By Matt Smith
DUBAI (Reuters) - Kuwait's Zain will investment more in technology firms in parallel industries and is considering buying into two digital advertising companies, the telecom operator's chief executive said on Monday.
Zain, like many Gulf telecoms operators, has suffered as subscriber growth stagnated and replacement services such as instant messaging and Internet-based calls replaced higher-margin text messages and conventional phone calls.
These trends prompted Zain to seek partnerships and stakes in web-based companies. Last week, it announced a link-up with Uber Technologies Inc [UBER.UL] and has also invested in three venture capital funds focusing on digital services.
"It's not about financial gain, (these) give us easier access to see what the new business models look like," Scott Gegenheimer, Zain Group chief executive, told a conference in Dubai. "They're more agile than a lot of the telecom operators. We don't have the time and skill sets to do this in house."
He said Zain was interested in "smart city" initiatives, online advertising and television services.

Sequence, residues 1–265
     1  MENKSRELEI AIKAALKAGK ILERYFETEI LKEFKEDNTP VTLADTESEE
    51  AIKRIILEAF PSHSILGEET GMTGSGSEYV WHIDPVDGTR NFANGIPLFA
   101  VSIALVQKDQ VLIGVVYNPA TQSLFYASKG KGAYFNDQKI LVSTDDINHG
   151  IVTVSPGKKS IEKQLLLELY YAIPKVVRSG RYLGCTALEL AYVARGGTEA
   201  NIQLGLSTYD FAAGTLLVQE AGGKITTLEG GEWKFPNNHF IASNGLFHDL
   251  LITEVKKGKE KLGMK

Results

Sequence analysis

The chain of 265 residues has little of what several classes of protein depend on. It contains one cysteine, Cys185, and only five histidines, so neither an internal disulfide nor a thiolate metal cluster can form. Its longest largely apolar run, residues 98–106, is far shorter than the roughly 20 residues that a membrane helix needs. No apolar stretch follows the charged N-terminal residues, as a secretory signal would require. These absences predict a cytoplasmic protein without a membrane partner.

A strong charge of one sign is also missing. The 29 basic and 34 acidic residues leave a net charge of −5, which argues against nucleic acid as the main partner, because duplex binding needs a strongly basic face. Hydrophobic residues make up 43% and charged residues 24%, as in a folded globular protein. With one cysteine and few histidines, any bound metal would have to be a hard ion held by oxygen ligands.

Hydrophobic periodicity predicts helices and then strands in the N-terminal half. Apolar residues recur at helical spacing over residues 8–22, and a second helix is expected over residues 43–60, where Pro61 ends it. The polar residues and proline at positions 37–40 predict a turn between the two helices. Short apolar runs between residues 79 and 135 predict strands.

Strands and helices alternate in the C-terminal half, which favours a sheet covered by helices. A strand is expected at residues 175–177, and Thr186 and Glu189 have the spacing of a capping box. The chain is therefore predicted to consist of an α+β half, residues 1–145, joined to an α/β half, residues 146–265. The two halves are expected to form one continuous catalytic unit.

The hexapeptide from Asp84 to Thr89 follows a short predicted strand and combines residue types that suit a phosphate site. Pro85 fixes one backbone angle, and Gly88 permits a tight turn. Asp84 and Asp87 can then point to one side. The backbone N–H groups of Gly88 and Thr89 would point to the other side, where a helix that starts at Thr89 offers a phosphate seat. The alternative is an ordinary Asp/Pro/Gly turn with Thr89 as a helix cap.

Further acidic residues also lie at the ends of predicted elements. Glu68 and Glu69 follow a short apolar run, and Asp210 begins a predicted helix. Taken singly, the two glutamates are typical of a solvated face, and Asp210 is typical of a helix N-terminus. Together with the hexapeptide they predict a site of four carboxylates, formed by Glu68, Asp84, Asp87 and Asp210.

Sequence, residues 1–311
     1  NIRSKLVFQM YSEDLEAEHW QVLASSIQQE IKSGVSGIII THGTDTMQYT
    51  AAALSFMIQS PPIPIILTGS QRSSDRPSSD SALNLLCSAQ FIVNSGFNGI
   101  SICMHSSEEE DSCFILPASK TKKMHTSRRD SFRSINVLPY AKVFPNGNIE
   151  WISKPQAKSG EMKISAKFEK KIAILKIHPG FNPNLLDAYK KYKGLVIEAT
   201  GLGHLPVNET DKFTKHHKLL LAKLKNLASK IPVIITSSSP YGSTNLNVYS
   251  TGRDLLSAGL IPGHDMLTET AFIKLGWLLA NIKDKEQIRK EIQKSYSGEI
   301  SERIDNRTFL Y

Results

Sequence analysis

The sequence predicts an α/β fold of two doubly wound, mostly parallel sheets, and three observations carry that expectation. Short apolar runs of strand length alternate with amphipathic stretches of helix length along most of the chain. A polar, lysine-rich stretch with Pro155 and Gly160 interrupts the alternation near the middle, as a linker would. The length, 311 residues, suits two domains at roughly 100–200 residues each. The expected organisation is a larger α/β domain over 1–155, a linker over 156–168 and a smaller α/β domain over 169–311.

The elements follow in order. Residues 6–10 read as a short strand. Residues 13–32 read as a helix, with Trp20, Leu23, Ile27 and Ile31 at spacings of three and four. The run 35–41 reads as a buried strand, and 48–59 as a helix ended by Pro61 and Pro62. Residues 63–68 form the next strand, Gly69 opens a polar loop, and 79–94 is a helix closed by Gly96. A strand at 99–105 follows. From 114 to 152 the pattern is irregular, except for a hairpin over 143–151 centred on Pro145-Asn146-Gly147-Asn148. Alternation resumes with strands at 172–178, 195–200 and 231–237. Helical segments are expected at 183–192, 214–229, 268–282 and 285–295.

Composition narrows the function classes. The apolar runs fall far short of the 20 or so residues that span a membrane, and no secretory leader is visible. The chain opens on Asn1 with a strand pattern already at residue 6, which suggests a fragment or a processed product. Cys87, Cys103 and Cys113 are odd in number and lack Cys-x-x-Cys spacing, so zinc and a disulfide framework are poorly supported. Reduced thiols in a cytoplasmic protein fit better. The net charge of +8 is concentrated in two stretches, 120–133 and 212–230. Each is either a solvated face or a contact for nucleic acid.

"Digital advertising could be interesting - we're looking at two companies right now," said Gegenheimer.
Data provides about a fifth of Zain's revenue and this proportion is likely to increase.
"The amount of data we're giving away in our packages is not sustainable in the long run. In Europe, the U.S., the price for 1 or 2 gigabytes is the same as you pay in Saudi Arabia for 500 gigabytes," said Gegenheimer.
"We have to get some of these packages under control ... because (otherwise) you're not going to be able to monetize the data."
Zain, Kuwait's top mobile company by subscribers, has operations in eight countries including Sudan, Iraq and Saudi Arabia.
Its Sudan division, which accounts for a quarter of Zain's customers and a fifth of revenue, made a half-year net profit of $78 million, up 30 percent year-on-year. That ended a sustained earnings slump and Gegenheimer attributed the turnaround to a more stable Sudanese pound and easing local inflation.
"We've hedged a lot of our loans so don't have as much problem as before," Gegenheimer said.
Sudan's inflation rate slowed to 11.3 percent in August from 14.1 percent in July.
(Reporting by Matt Smith; editing by David Clarke)